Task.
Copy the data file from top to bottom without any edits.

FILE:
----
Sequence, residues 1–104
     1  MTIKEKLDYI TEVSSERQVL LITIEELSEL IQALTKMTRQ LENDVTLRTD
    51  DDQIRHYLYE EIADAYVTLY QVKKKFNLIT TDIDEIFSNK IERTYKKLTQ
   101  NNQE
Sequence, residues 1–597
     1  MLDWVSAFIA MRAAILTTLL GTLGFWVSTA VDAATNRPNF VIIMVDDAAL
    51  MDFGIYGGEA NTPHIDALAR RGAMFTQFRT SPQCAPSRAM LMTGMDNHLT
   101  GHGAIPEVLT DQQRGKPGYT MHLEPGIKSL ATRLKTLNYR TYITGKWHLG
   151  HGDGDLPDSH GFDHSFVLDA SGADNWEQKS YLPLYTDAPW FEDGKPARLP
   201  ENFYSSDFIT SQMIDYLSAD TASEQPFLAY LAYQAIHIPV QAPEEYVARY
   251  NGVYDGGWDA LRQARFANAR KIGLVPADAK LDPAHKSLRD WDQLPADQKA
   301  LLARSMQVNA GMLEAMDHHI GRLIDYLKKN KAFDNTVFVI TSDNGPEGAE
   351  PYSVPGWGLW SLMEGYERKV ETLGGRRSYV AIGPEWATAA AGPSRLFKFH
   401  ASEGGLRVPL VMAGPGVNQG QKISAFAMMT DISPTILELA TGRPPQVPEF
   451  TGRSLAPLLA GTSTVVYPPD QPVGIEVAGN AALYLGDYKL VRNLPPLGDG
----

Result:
Sequence, residues 1–104
     1  MTIKEKLDYI TEVSSERQVL LITIEELSEL IQALTKMTRQ LENDVTLRTD
    51  DDQIRHYLYE EIADAYVTLY QVKKKFNLIT TDIDEIFSNK IERTYKKLTQ
   101  NNQE
Sequence, residues 1–597
     1  MLDWVSAFIA MRAAILTTLL GTLGFWVSTA VDAATNRPNF VIIMVDDAAL
    51  MDFGIYGGEA NTPHIDALAR RGAMFTQFRT SPQCAPSRAM LMTGMDNHLT
   101  GHGAIPEVLT DQQRGKPGYT MHLEPGIKSL ATRLKTLNYR TYITGKWHLG
   151  HGDGDLPDSH GFDHSFVLDA SGADNWEQKS YLPLYTDAPW FEDGKPARLP
   201  ENFYSSDFIT SQMIDYLSAD TASEQPFLAY LAYQAIHIPV QAPEEYVARY
   251  NGVYDGGWDA LRQARFANAR KIGLVPADAK LDPAHKSLRD WDQLPADQKA
   301  LLARSMQVNA GMLEAMDHHI GRLIDYLKKN KAFDNTVFVI TSDNGPEGAE
   351  PYSVPGWGLW SLMEGYERKV ETLGGRRSYV AIGPEWATAA AGPSRLFKFH
   401  ASEGGLRVPL VMAGPGVNQG QKISAFAMMT DISPTILELA TGRPPQVPEF
   451  TGRSLAPLLA GTSTVVYPPD QPVGIEVAGN AALYLGDYKL VRNLPPLGDG